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DEA claims to have evidence connecting Surinam President Dési Bouterse to drug lord

On Saturday, Dutch news outlet nrc.nl, reported that the United States Drug Enforcement Agency that they have evidence proving that Surinames President Dési Bouterse was in direct contact with the regions top convicted drug trafficker, Roger Khan. The NRC received digital printouts of Khan’s satellite phone records, from an undisclosed source. The records show Bouterse’s cell phone number listed numerous times. The phone calls took place towards the end of 2005 until mid-June of 2006. In June of 2006 Khan was arrested in the capitol of Suriname, Paramaribo, on suspicion of drug trafficking. After standing trial in the U.S. he was found guilty of smuggling large amounts of cocaine and was sentenced in 2009 to serve a 40 year prison sentence.

The Telegraph reports that Dino Bouterse (son of Dési Bouterse), director of Suriname’s anti-terrorism unit, was arrested at the end of August in Panama by local authorities. He was later turned over to US agents. A US federal indictment alleges that Dino worked with Edmund Quincy Muntslag a.k.a “Blue” to smuggle cocaine into the United States starting in or about December of 2011. Dino was recently involved in smuggling a suitcase filled with 10 kilograms (22 pounds) of cocaine aboard a commercial flight from Suriname to the Caribbean in late July of this year.

The DEA has long reported that high ranking Suriname politicians were involved in “drug related corruption” but never presented any evidence. In 2011, U.S. diplomatic wires were leaked to WikiLeaks revealing the DEA’s smoking gun. The wires stated that Bouterse had “social and operational links” with the regions top convicted drug trafficker, Khan. With evidence mounting and the arrest of Bouterse’s son, Dino, local Suriname officials are keeping their mouths wired shut. Bouterse’s lawyer, Inez Weski, said that she wasn’t at liberty to release a statement in behalf of her client. She believes that there will be no public reaction in response to the current developments because the individuals involved probably think its better not to say anything in order to avoid making the situation worse.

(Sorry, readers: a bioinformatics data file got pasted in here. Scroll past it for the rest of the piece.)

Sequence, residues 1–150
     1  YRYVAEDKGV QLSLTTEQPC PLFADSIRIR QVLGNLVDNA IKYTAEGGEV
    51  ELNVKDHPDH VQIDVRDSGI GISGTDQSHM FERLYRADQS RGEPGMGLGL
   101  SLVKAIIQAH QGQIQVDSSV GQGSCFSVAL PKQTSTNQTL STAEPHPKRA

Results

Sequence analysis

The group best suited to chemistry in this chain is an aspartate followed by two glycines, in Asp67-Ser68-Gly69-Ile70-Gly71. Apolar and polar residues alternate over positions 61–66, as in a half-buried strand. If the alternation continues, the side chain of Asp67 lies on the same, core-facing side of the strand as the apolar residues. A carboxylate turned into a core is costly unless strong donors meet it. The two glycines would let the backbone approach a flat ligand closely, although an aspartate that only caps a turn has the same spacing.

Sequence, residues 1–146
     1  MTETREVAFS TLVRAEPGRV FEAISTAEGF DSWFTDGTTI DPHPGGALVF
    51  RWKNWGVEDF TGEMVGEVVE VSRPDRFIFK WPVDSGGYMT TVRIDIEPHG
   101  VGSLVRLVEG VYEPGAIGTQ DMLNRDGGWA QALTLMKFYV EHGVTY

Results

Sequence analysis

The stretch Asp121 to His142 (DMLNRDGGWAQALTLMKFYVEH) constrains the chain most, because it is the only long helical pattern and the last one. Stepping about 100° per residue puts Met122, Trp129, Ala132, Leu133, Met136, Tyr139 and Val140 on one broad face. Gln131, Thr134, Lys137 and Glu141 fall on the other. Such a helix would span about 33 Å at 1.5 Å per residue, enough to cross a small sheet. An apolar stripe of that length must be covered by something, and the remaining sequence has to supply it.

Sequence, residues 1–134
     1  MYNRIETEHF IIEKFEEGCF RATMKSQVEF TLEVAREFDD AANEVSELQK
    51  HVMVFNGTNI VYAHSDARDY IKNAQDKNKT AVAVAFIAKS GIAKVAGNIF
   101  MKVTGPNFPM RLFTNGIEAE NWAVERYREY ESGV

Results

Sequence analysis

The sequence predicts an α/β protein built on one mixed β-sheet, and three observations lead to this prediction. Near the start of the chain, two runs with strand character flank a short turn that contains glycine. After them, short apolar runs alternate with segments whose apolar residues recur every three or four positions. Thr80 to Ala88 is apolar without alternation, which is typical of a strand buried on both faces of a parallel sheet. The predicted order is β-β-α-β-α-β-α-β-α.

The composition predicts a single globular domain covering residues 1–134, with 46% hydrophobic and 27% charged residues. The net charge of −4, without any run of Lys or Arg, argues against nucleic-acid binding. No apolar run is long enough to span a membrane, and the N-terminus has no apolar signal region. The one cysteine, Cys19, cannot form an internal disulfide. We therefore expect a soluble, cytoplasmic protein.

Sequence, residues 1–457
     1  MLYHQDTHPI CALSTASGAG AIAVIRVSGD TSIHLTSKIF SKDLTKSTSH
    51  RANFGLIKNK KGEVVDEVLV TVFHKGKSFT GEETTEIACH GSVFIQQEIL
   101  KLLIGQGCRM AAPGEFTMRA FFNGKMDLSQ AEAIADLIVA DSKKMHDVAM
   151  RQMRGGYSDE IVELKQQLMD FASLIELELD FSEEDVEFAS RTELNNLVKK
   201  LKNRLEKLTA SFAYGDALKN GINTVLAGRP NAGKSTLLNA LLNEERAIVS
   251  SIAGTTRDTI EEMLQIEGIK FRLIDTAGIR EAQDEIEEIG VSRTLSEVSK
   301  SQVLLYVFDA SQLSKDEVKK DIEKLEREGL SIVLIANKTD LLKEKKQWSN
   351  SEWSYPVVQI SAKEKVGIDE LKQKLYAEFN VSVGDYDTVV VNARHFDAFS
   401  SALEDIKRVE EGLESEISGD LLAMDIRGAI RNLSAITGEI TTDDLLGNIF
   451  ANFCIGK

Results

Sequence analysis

Bouterse is making a strong attempt at drawing more tourist to the unknown Suriname by hosting events such as the Carifesta. He believes that this is a way to highlight the countries ethnic diversity, rainforest, capitol city of Paramaribo and UNESCO World Heritage sites of Dutch colonial architecture. Nieuws.nl reported that Bouterse has fired a total of 10 ministers within the three years that he has been in office. They also report that a large number of deputy ministers and directors of public enterprises have been fired. It seems as if Bouterse is cleaning ship, removing the people that don’t believe in the vision that he has for Suriname.

DJ Chuckie was decorated as ‘Commander of the Honorary Order of the Yellow Star’ by Bouterse. DJ Chuckie lives in Aruba but was born in Suriname and travels to the country regularly. Bouterse brought Chuckie to Suriname to DJ at the “Carifesta” opening ceremony.

Bouterse commercializes Suriname as being a country of peace and low crime. But, it hasn’t always been like that. Bouterse began his journey to power, by successfully executing a violent coup on February 25, 1980. He is the main suspect of the December 8, 1982, political murders of 15 opposition leaders, more commonly known as the “December murders.” After the December murders, the Netherlands and U.S. cut off economic aid to Suriname. He is believed to be responsible for the Moiwana massacre that took place on November 29, 1986. In 2000, Bouterse was order to serve 11-years in a Dutch prison because he was found guilty of trafficking 474 kilos of cocaine. Wikileaks has released official documents showing that Bouterse had financial campaign support from former Venezuelan President Hugo Chavez.

Suriname doesn’t extradite criminals to stand trial in foreign countries. In 2012, Bouterse made sure that he would never be tried in Suriname for his crimes, by passing an unpopular amnesty law.

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